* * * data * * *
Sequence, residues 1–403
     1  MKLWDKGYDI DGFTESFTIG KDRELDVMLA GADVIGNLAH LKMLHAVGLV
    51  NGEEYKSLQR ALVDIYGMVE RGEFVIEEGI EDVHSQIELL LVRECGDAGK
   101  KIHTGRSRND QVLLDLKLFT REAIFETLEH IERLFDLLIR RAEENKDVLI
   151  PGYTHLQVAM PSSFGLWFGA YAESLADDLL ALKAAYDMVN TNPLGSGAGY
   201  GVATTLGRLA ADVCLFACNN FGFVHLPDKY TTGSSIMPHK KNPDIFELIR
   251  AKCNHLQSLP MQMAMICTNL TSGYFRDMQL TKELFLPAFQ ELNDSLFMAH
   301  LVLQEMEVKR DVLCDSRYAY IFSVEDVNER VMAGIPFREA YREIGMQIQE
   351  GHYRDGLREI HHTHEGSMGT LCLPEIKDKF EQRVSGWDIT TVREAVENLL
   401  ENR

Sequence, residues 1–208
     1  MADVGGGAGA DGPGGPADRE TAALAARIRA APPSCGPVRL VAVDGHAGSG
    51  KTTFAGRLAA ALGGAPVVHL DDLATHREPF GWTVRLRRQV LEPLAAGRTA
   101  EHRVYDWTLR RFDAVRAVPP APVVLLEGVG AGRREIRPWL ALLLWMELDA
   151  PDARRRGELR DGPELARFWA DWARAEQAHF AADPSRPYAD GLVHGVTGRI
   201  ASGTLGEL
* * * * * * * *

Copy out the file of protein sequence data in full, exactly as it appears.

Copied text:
Sequence, residues 1–403
     1  MKLWDKGYDI DGFTESFTIG KDRELDVMLA GADVIGNLAH LKMLHAVGLV
    51  NGEEYKSLQR ALVDIYGMVE RGEFVIEEGI EDVHSQIELL LVRECGDAGK
   101  KIHTGRSRND QVLLDLKLFT REAIFETLEH IERLFDLLIR RAEENKDVLI
   151  PGYTHLQVAM PSSFGLWFGA YAESLADDLL ALKAAYDMVN TNPLGSGAGY
   201  GVATTLGRLA ADVCLFACNN FGFVHLPDKY TTGSSIMPHK KNPDIFELIR
   251  AKCNHLQSLP MQMAMICTNL TSGYFRDMQL TKELFLPAFQ ELNDSLFMAH
   301  LVLQEMEVKR DVLCDSRYAY IFSVEDVNER VMAGIPFREA YREIGMQIQE
   351  GHYRDGLREI HHTHEGSMGT LCLPEIKDKF EQRVSGWDIT TVREAVENLL
   401  ENR

Sequence, residues 1–208
     1  MADVGGGAGA DGPGGPADRE TAALAARIRA APPSCGPVRL VAVDGHAGSG
    51  KTTFAGRLAA ALGGAPVVHL DDLATHREPF GWTVRLRRQV LEPLAAGRTA
   101  EHRVYDWTLR RFDAVRAVPP APVVLLEGVG AGRREIRPWL ALLLWMELDA
   151  PDARRRGELR DGPELARFWA DWARAEQAHF AADPSRPYAD GLVHGVTGRI
   201  ASGTLGEL